More and more states are legalizing marijuana for recreational use, seeking the economic benefits that pioneers like Colorado and Washington currently enjoy.
Michigan lawmakers are voting on Marijuana legalization this week, without even sending it to the ballot, and Florida Democrats are still pushing for legalization in their state.
Amid this evolution of U.S. drug legislation, it’s interesting to revisit what happened with alcohol prohibition in the early 20th century. It’s not surprising that some major parallels exist between the marijuana ban and alcohol prohibition.
#1. Prohibition Used to Further Racist Agendas
Though health and salvation were often the public battle cry of prohibitionists, prejudice was always an underlying motivation.
Between 1920 and 1933, the 18th amendment and Volstead Act banned the production, sale, and distribution of alcohol in the United States.
The prohibition movement was led by white, Protestant Americans, namely the anti-Saloon league (“ASL”) and Wayne B. Wheeler followers, whose cutthroat pressure politics overran the moderate temperance movements of the time.
“The ASL focused doggedly on defeating “wet” politicians in favor of pro-prohibition “dry” politicians and were not above using coercion and intimidation to reach their goals,” California criminal defense lawyer Joseph Tully writes in his new book, California: State of Collusion. “So singular was the ASL’s focus, that any group aligned with dry causes was considered their ally, regardless of political affiliation, including, suffragettes and racists.”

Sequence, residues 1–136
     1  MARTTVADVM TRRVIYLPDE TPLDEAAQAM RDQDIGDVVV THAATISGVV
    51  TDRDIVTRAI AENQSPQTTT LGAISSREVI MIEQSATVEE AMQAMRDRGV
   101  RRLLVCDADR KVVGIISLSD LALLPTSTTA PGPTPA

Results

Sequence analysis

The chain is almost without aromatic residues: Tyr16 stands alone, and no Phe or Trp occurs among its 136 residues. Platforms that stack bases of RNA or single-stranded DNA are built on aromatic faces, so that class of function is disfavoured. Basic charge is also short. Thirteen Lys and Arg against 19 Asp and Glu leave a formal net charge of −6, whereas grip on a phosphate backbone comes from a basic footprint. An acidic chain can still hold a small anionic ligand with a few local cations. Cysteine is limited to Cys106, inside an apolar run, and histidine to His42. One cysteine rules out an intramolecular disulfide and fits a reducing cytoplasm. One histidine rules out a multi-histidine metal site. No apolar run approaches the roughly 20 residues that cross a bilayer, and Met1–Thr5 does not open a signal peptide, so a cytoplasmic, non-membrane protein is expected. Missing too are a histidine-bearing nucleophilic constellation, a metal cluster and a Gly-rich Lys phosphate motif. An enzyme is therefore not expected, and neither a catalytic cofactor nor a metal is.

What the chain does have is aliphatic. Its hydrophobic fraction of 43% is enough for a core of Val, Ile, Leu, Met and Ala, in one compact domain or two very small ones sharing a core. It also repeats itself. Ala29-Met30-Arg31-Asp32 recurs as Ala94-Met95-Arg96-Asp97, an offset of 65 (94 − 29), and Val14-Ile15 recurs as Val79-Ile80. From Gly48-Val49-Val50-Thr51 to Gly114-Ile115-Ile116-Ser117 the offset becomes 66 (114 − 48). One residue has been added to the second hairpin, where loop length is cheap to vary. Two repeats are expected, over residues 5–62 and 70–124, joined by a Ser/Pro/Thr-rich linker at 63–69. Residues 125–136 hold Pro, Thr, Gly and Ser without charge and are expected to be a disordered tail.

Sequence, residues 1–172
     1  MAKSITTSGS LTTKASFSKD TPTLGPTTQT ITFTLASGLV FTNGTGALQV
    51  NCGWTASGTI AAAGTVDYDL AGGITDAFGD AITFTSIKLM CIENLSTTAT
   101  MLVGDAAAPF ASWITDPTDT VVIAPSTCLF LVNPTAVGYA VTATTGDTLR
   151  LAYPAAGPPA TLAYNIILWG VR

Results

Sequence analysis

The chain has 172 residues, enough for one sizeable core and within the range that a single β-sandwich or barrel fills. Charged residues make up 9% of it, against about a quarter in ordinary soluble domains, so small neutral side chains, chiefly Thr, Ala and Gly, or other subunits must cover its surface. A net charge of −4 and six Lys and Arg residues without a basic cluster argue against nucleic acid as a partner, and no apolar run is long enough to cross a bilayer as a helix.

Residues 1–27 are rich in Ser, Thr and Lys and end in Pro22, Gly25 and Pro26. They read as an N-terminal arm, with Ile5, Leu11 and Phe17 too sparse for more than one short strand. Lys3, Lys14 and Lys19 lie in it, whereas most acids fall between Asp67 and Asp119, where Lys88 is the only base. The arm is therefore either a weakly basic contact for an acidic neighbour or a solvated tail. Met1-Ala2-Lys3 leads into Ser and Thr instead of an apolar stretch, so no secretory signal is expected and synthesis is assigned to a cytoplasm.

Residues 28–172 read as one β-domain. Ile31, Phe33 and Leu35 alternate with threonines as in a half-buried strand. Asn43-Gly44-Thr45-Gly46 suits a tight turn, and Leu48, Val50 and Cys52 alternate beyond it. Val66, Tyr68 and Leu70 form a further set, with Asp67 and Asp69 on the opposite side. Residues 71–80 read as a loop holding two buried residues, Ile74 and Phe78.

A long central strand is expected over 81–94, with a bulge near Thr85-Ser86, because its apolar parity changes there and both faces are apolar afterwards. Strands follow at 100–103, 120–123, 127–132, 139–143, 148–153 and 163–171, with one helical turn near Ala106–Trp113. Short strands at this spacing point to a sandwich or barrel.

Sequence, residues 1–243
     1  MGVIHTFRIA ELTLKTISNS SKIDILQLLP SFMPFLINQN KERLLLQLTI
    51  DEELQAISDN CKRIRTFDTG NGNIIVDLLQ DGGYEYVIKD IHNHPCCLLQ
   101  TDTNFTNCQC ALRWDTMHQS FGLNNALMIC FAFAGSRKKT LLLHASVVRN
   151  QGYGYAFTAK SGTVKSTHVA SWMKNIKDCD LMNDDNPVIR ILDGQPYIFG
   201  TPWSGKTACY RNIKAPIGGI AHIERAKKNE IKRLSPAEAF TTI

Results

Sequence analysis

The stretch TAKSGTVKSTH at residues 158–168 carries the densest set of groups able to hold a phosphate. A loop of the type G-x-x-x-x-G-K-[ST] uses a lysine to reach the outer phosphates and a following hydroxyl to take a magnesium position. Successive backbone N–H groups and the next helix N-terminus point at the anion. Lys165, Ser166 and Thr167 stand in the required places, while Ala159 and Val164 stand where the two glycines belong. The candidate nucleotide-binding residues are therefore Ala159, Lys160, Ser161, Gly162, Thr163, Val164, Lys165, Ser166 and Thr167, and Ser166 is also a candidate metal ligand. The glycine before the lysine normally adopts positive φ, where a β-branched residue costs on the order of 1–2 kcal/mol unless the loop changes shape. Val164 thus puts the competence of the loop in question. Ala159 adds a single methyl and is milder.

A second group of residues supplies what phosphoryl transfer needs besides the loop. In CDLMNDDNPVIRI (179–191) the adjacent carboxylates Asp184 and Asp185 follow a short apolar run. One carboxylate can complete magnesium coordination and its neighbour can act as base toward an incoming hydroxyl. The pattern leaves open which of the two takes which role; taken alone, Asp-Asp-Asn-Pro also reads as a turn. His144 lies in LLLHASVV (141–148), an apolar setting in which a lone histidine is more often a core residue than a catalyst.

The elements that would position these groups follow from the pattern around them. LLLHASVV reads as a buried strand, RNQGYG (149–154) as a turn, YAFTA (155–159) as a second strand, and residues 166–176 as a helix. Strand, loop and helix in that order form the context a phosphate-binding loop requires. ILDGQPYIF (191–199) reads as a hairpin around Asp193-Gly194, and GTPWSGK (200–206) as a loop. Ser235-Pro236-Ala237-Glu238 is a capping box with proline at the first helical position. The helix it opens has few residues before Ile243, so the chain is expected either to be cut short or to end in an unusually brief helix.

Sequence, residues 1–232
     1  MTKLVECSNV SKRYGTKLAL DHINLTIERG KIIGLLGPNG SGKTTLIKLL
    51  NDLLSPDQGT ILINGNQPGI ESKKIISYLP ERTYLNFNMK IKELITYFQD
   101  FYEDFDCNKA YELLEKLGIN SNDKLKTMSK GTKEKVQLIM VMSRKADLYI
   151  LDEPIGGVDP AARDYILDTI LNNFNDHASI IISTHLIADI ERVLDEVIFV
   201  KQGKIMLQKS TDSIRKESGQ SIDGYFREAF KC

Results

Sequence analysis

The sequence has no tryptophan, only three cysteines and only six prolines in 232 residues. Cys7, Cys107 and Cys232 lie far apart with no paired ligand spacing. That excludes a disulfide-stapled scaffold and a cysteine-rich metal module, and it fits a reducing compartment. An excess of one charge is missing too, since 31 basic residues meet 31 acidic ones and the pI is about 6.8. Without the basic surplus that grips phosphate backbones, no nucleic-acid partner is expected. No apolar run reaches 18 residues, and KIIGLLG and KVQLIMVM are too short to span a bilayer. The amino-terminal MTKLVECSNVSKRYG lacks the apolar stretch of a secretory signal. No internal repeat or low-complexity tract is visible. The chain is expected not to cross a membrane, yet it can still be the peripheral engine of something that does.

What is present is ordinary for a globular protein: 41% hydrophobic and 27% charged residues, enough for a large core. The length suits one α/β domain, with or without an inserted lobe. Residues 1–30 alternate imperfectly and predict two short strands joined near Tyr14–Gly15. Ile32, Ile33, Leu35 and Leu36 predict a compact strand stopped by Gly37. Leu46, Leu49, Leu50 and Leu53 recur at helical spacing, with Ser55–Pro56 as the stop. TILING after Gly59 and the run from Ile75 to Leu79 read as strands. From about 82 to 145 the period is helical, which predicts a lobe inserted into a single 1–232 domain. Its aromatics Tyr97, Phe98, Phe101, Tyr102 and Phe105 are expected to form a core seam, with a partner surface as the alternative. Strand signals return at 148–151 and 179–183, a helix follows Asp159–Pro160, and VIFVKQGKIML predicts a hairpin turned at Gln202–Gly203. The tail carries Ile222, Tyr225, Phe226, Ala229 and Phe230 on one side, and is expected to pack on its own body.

Irish and Italian immigrants had deep cultural and religious roots in the consumption of alcohol. Pushing temperance was a way to subjugate the new Catholic Americans and make their arrival and stay less welcome.
Southern landed gentry promoted the notion of prohibition as a way to promote ‘Southern values’ of racial segregation, subordinating women, and ‘honor.’ Prohibition was a way to prevent blacks from enjoying the same privileges as white gentlemen, who could drink in their homes and private clubs.
Alcohol abuse was painted as a problem for Indians and Mexicans, and temperance as a way to keep them subdued.
For similar reasons, the state of California prohibited cannabis (a full 24 years before alcohol prohibition). California’s Poison Act of 1913 banned all possession of “extracts, tinctures, or other narcotic preparations of Indian hemp and loco-weed for preparations and compounds.”
“The terms used to describe cannabis in the 1913 law are telling,” writes Tully. “Terms like ‘Indian hemp’ and ‘loco weed’ allude to East Asians and Hispanics and hint at the close ties between drug bans and the vast prejudice against immigrants at the time.”
In 2011, influential California Board of Pharmacy, Henry J. Finger, wrote, “Within the last year we in California have been getting a large influx of Hindoos [Indian Sikhs] and they have in turn started quite a demand for Cannabis indica. They are a very undesirable lot and the habit is growing. The fear is now that they are initiating our whites into this habit.”
Mexican immigrants also suffered harsh discrimination. Though white politicians didn’t understand what cannabis was, they knew the “loco Mexicans” used it, and wanted to leverage cannabis to further their racist agendas.
#2. Prohibition Boosted Grape / Hemp Production
Alcohol prohibition and marijuana prohibition also boosted agricultural production for the primary resources of those very products. Both grapes and hemp production grew tremendously during prohibition.
While alcohol prohibition prevented commercial production and distribution, it still allowed for the growing of grapes for medicinal and sacramental wine production. Many well-known wineries of today, including Beaulieu vineyards and Beringer winery, were allowed to stay open to produce sacramental wine.
Similarly, while the commercial sale of cannabis was illegal, agricultural production boomed.